A 55-YEAR-OLD man in good general health without a family history of visual loss was referred for progressive loss of visual acuity. His visual acuity had deteriorated from 20/32 OU in 1992 to 20/60 OU in 2000. The refractive error was +2.25/−0.75/170° OD and +4.00/−1.75/23° OS. Visual fields showed bilateral concentric constriction of 40°(Goldmann III-4) in 1997. On follow-up 3 years later, his visual fields showed variable constriction, ranging from 10° to 20° OU. Slitlamp biomicroscopy revealed normal anterior ocular segments. Ophthalmoscopy showed a normal fundus but bilaterally extremely small optic discs with an area of 0.36 mm2 OD and an area of 0.11 mm2 OS as measured by confocal scanning laser tomography (Figure 1). The retinal and choroidal vascular anatomy were normal on fluorescein angiography. Electroretinography showed normal photopic and scotopic responses to whole-field stimulation. For both eyes, amplitudes of the visual evoked potentials were abnormally low, with a more pronounced reduction for the left eye than for the right eye. High-resolution magnetic resonance imaging (turbo spin-echo repetition time, 4230 ms/echo time, effective echo time, 119 ms; echo train length, 15; slice thickness, 3 mm; matrix, 270 × 512; field of view, 18 × 24 cm; number of excitations, 6; in-plane resolution, 0.67 mm × 0.47 mm; frequency selective fat suppression) showed extremely thin optic nerves and optic chiasm, but no other abnormality that indicated more widespread developmental abnormalities (eg, septo-optic dysplasia1) was identified on cranial magnetic resonance imaging (Figure 2). The neurologic examination disclosed no nystagmus or other abnormal signs, and serum levels of the hypothalamic hormones were unremarkable. Autoantibody screening was negative as were routine biochemical, blood cell count, and clotting studies. None of the known mutations for Leber hereditary optic atrophy were detected. Optic nerve hypoplasia, also known as microdiscs or micropapillae, was diagnosed in the absence of any specific cause (eg, septo-optic dysplasia, Leber hereditary optic atrophy).2,3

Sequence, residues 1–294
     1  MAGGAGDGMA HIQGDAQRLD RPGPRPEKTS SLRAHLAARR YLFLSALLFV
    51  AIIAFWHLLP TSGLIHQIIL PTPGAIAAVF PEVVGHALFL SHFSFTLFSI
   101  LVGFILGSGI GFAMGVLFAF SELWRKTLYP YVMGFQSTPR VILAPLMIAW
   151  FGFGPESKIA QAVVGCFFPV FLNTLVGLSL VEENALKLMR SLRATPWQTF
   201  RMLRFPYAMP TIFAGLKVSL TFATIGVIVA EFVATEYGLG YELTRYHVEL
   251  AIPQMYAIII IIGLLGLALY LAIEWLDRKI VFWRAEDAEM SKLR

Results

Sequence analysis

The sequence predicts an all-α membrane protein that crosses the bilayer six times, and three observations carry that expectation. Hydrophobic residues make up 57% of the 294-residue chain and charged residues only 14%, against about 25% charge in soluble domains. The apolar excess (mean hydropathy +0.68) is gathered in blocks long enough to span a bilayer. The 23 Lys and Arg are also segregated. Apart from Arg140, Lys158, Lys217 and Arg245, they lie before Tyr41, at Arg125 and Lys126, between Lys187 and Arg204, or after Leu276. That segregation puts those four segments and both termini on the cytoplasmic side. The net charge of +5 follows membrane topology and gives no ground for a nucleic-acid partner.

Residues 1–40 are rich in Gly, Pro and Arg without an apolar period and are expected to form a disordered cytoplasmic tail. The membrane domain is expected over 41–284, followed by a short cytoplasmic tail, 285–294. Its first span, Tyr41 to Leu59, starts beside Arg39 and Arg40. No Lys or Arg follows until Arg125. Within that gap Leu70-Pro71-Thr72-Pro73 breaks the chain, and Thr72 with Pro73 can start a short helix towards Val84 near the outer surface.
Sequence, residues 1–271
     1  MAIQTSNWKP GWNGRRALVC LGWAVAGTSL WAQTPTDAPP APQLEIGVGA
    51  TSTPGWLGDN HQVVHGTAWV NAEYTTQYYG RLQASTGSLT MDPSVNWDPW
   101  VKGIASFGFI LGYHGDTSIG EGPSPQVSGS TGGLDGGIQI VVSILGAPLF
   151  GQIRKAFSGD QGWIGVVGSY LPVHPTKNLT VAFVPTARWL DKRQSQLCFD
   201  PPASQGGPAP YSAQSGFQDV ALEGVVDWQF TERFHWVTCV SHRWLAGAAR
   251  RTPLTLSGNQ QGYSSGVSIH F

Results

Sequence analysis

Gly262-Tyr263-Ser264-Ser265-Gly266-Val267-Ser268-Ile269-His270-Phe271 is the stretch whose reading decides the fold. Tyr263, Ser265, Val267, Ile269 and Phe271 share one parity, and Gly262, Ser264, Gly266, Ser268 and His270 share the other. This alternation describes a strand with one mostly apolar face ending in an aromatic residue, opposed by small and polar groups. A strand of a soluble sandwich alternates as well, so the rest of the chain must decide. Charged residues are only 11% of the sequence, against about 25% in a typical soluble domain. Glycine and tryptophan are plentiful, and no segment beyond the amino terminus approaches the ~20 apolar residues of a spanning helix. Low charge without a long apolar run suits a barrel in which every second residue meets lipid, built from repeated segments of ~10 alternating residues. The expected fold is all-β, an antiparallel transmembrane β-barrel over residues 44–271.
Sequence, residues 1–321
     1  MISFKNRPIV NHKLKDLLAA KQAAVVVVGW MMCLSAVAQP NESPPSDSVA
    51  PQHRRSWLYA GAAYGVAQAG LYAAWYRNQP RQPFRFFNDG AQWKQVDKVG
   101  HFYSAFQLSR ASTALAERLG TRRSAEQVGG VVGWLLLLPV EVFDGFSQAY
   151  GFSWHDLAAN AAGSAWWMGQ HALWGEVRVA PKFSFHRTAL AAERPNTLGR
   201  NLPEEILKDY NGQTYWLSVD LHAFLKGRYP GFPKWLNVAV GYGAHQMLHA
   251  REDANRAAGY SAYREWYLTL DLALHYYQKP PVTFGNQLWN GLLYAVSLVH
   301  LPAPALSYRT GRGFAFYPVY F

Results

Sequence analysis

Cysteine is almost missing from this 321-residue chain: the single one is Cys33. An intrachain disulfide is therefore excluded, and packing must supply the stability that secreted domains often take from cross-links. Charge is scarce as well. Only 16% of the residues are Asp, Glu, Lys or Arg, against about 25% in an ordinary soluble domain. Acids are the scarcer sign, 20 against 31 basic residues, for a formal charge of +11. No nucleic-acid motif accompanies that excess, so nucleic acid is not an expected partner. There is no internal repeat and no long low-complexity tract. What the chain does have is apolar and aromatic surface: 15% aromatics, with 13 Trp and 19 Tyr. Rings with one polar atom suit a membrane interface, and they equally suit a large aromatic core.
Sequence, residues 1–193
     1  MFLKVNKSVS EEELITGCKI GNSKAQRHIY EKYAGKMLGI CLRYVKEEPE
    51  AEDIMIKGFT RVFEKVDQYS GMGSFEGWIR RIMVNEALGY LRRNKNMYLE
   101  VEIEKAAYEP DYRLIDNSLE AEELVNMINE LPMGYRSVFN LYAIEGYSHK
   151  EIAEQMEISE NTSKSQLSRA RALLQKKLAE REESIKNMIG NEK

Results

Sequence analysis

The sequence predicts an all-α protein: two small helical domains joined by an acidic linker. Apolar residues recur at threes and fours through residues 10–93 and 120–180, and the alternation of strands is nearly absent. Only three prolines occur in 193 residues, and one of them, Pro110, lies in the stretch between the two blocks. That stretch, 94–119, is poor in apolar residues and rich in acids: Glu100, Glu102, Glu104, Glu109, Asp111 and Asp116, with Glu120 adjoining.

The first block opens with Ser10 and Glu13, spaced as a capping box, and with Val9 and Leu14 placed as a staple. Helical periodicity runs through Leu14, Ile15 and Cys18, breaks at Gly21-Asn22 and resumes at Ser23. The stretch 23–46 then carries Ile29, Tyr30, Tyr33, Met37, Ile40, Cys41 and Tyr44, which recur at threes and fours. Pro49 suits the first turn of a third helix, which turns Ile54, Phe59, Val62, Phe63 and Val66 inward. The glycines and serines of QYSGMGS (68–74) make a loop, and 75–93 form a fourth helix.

Spandau UHM, Jonas JB, Gass A. Progressive Visual Loss in Optic Nerve Hypoplasia and Bilateral Microdiscs. Arch Neurol. 2002;59(11):1829–1830. doi:10.1001/archneur.59.11.1829
Monkeypox Resource Center
Customize your JAMA Network experience by selecting one or more topics from the list below.